Wed, 17 May 2023 at 3:27 pm BST
A police force has apologised to a man wrongly accused of murdering seven-year-old Nikki Allan in 1992, after the real killer was finally convicted 31 years later.
Northumbria Police also apologised to the victim’s family for mistakes made in the original investigation of her murder and the length of time it has taken to bring her real killer, 55-year-old David Boyd, to justice.
After Boyd was convicted at Newcastle Crown Court, the force wrote to George Heron, the innocent man who was tried for the offence in 1993 and cleared on the directions of the judge.
Mr Heron was subjected to “oppressive” questioning and denied having any involvement in the murder 120 times during three days of interviews before making some kind of confession.
Det Supt Lisa Theaker led a complex reinvestigation, which began in 2017 and culminated in Boyd’s conviction last week.
She told reporters: “In terms of the earlier  investigation, it has been well-publicised that the interviews that were conducted back in the day were oppressive and some of the evidence was misrepresented before George Heron ‘confessed’, and we know the judge excluded that confession.
“On a national scale, the way we interview people has changed massively.”
Assistant Chief Constable Alastair Simpson has written to Mr Heron, who was understood to have had his face slashed while on remand in the 1990s and had to move away from Sunderland despite being cleared. He was taken in by a religious order.
After Mr Heron was cleared, police said they were not looking for anyone else in connection with Nikki’s murder, although the real killer, Boyd, remained at large.
Mr Heron has provided a statement that will be read out to the court when Boyd is sentenced on May 23.
Mr Simpson’s letter stated: “I have had the opportunity to read your victim’s impact statement, and appreciate the effects your arrest, charge and trial had on you, and continue to have.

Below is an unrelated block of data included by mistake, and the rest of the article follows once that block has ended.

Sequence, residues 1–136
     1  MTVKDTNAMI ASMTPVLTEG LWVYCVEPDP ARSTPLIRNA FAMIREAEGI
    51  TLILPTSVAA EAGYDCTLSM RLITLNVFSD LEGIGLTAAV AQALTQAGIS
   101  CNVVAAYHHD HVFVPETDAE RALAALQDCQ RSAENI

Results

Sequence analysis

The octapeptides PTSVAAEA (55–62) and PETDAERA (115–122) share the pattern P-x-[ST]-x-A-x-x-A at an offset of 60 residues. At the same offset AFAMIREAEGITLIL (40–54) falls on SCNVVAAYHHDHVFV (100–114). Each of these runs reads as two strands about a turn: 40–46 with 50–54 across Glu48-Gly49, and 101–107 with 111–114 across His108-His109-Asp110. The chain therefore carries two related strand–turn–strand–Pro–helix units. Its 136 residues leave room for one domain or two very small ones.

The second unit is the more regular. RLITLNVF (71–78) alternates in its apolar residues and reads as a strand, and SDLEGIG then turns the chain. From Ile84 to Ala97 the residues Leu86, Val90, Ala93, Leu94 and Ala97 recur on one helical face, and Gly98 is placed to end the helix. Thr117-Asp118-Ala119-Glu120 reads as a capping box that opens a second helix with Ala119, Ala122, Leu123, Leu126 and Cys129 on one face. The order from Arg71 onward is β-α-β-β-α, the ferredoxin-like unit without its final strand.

“On behalf of Northumbria Police, I would like to apologise for the mistakes that were made in the investigation and I hope, as you express in your statement, that the conviction of Mr Boyd will finally bring closure on this matter for you and allow you to move on with your life.”
Ms Theaker said the investigation team was certain Boyd was the only person responsible for Nikki’s murder and that no one assisted him.
During the exhaustive reinvestigation, which she led and continued to manage despite moving to Cleveland Police, the team looked at more than 1,000 men who could have been linked to the inquiry.
This inquiry has not identified any further offences that Boyd could have committed.
Ms Theaker said that now the trial had finished, the team would be able to share information with Nikki’s mother, Sharon Henderson – who campaigned for justice for her daughter for more than 30 years – to reassure the family that no one else was involved in the murder.
Mr Simpson extended the apology to Nikki’s family, telling reporters: “I am truly sorry for mistakes that were made in the 1992 investigation and I am sorry for the length of time it has taken to get justice for the family.
“I cannot imagine the impact on them over the course of the last 30 years, so I have offered to meet with Sharon and with other members of the family, and I will be happy to say that to them when I meet them.”
Ms Theaker praised Nikki’s mother for her ceaseless campaigning to keep the pressure on the force over the years.
Ms Henderson met with Steve Ashman, the then chief constable, in 2017, who agreed to a reinvestigation of the case on the back of advances in DNA techniques, which were able to extract new traces from Nikki’s clothes.
The breakthrough ultimately led them to Boyd, but it also involved more than 800 Sunderland men volunteering to give DNA samples so they could be eliminated.
Ms Theaker said: “The community in Sunderland have massively helped and they have played their part.”
Boyd, then aged 25, lured Nikki away from the East End flats where she lived and took her to a derelict building, where he hit her with a brick and stabbed her 37 times before dumping her, dead or dying, in the basement.
In 1999, he indecently assaulted a nine-year-old girl in a park and later told his probation officer that he had a sexual interest in young girls when he was younger.
Outside court last week, Ms Henderson spoke of the “injustice” that “this evil man slipped through the net to murder Nikki when he was on their [police] files in the first place”.
Asked how she found the strength to keep fighting for justice, Ms Henderson said: “Because Nikki’s my daughter and I love her.”